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How to Correctly Fill Cracks in Concrete

Cracks are present in every concrete slab, and they are unavoidable due to the rigid nature of concrete. Uneven drying, shrinkage and temperature changes can all cause fractures in your slab. To avoid water seepage and further damage, it’s critical to seal any cracks that develop. This article will discuss why cracks happen and how to quickly repair them. 

To put matters into perspective and make this process as simple as possible, we’ve written this step-by-step article to discuss the process.

Concrete Crack Repair: How to Fill Cracks in Concrete?


Why is it Critical to Fill Cracks in Concrete?

Cracks in concrete may be a sign of deeper underlying problems, and if they’re not addressed quickly, they can lead to bigger issues and costly repairs. The first thing to do is determine the seriousness of the crack. Hairline cracks that are only seen from inside the home or on the surface of patios and sidewalks are generally safe and can be filled to prevent water from entering the area, causing further deterioration. Cracks larger than ¼” that can be seen from inside and outside the building should be inspected by a professional.

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How to Fill Cracks in Concrete?


Structural Damage

Cracks in concrete can be the result of structural or non-structural issues. Structural problems could mean that your home is in danger of collapse , but the common cause of cracks in slabs, poured masonry walls or block walls is settling. 

All buildings experience settling, and normal engineering practices will prevent this from causing structural damage. However, the issue may be more serious like a faulty foundation or poorly-mixed concrete.

As a general rule, if the crack in a vertical wall is longitudinally running, then this could be the sign of a weakened wall — especially if the wall is bowing inside. In block or brick walls, this problem usually develops with a visible stair-step pattern. If the cracks are seen outside and inside the structure, you should have a professional inspector determine if the problem is serious. Cracks that are ⅛” or smaller in width and less than ¼” deep can be filled with a product like DRYLOK® Masonry Crack Filler or DRYLOK® Pourable Masonry Crack Filler to seal the area.

Chemical Damage

There are numerous chemical reactions that can damage concrete. Here are a few that are important to note:


This occurs when concrete is exposed to carbon dioxide in the air. Calcium hydroxide is a component of concrete that can react with carbon dioxide to form calcium carbonate, which can lower the material’s strength and also its pH, making it more prone to corrosion. 

Sulfate Attack

Most soil types include sulfates in the form of calcium, magnesium, sodium, ammonium and potassium and may be found in either soil or groundwater. These types of soils could harm concrete when a building is erected on top of them.

Alkali-Silica Reaction

The resultant chemical reaction between alkalis in cement and the silica content of aggregates produces a gel-like substance that absorbs water and increases the volume of concrete. Concrete fractures and decays are a consequence of this growing volume.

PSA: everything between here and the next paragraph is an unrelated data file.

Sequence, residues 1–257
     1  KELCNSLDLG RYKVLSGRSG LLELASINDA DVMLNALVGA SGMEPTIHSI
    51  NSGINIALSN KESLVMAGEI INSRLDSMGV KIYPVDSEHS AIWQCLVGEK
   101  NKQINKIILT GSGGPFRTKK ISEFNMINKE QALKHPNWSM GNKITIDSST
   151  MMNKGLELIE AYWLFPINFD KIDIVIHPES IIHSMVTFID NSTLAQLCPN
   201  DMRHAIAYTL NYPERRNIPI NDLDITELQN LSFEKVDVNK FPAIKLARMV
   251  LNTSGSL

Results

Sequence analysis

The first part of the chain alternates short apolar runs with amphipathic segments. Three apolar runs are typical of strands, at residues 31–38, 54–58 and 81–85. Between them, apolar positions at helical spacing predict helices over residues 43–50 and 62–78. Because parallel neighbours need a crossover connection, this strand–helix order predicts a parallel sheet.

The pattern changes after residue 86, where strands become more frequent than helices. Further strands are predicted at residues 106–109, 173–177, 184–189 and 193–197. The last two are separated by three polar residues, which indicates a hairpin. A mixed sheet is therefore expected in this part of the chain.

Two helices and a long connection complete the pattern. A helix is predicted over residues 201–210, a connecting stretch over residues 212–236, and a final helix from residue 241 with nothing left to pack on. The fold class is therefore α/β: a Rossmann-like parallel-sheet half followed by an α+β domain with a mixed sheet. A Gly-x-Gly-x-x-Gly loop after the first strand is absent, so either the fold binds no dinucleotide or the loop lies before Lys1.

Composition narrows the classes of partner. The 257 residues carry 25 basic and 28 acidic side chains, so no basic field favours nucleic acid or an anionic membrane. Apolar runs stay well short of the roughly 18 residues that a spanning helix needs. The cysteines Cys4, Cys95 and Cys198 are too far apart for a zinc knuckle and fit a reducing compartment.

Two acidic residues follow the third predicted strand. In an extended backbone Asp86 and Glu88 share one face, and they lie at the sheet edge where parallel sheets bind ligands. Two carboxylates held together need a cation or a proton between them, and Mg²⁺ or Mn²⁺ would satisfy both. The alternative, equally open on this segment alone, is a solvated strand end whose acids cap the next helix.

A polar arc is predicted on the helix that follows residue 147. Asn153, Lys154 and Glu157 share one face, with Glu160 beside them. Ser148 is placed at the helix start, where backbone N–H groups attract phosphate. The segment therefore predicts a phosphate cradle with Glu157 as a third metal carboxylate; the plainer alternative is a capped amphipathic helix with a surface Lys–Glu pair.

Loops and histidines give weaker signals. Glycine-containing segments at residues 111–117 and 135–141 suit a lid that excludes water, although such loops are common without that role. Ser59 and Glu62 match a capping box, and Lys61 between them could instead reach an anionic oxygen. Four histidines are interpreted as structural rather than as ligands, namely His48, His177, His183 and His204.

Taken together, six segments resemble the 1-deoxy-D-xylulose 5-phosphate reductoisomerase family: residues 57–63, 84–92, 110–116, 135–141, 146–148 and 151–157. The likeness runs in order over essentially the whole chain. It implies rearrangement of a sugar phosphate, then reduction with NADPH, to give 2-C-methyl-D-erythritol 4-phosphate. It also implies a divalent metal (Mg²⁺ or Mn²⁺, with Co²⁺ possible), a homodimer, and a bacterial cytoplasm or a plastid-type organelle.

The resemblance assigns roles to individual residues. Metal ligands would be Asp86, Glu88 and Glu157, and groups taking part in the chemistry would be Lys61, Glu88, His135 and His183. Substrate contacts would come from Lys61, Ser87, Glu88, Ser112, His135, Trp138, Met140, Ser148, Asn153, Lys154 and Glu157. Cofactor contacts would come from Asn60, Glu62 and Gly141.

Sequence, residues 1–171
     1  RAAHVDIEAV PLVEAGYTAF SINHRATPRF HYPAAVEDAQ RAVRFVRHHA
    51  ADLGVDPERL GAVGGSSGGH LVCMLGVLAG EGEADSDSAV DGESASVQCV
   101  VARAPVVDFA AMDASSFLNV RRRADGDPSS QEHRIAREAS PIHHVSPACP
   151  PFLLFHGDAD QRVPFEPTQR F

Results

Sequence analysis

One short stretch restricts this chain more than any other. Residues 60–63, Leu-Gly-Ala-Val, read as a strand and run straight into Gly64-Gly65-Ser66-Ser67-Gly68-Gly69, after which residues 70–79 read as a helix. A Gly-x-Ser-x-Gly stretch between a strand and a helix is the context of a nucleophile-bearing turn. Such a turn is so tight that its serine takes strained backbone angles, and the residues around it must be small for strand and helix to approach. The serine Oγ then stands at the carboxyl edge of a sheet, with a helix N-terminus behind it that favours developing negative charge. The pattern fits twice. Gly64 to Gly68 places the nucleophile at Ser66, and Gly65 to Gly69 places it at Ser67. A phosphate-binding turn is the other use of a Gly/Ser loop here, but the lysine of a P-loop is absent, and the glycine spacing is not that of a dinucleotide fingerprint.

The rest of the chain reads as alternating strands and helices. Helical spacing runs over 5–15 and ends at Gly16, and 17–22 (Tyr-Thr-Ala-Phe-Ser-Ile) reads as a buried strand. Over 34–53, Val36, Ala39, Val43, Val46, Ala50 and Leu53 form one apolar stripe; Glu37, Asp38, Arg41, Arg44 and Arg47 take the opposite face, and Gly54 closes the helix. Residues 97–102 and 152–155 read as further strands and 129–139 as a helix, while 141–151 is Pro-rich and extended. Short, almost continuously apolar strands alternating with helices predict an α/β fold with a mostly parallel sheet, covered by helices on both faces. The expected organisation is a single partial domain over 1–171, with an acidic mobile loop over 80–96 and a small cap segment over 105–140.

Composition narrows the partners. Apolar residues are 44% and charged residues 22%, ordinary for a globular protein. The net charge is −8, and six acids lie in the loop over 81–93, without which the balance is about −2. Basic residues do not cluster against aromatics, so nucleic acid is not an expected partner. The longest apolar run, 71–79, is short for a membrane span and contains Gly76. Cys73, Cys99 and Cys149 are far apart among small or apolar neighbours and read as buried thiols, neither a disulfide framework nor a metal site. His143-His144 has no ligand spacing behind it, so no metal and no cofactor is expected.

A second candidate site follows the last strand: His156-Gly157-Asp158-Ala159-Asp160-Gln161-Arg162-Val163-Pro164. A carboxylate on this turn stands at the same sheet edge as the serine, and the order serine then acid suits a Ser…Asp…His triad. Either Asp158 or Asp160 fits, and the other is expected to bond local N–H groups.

Corrosion of Metal Reinforcement

Corrosion occurs when the chloride ions contact the steel and surrounding passive material, resulting in a chemical process that creates hydrochloric acid. The hydrochloric acid eats away at the steel reinforcement, causing concrete cracking, spalling and failure.

How to Fill Cracks

When you want to repair the common cracks found in sidewalks and other concrete structures, there are some simple procedures to follow. The most important factor when filling a crack is to use a flexible sealant that will stretch as the concrete moves, ensuring that the repair stays in place. The following procedure is recommended for cracks that are ½” wide or less and ¼” deep.

  1. Chisel out the crack to create a backward-angled cut. This provides a wider surface area for the repair, which will help it better adhere to the main body of concrete. The goal is to create a backwards V” so the repair can’t back out.
  2. Clean out any loose material from the crack. Any loose gravel or debris in the crack will keep the filler material from properly bonding, and the repair won’t hold.
  3. Apply a thin layer of bonding adhesive. This step is frequently neglected but is critical for ensuring that the sealer/​filler adheres to the existing concrete structure. This material is designed to permanently connect new concrete or plaster to old concrete or plaster. It improves adhesion and increases resilience and flexibility of the repair.

  4. Mix and trowel reinforced patching compound into the crack. Depending on the size of the patch, you may use a caulk tube, bottle or pre-mixed compound from a bucket to make the repair.

For more severe cracks — deeper than ¼” — steps one and two should still be followed. However, these cracks should be filled with oakum within ¼” of the top before filling with masonry crack filler. 


Utilize DRYLOK® Masonry Crack Filler for Concrete Repairs

DRYLOK® manufactures waterproofing products that help repair old and damaged concrete by sealing cracks and preventing water penetration into the walls and floors of your home or office. 

Our Masonry Crack Filler seals, waterproofs and repairs cracks and mortar joints in concrete sidewalks, walls, steps and floors. It dries to the color of concrete, will not bleed and cleans up quickly with just soap and water. It is designed to withstand foot and vehicle traffic, and it can be painted over in an hour. 

Contact us today to find a retail location near you and get more information on our complete line of sealants.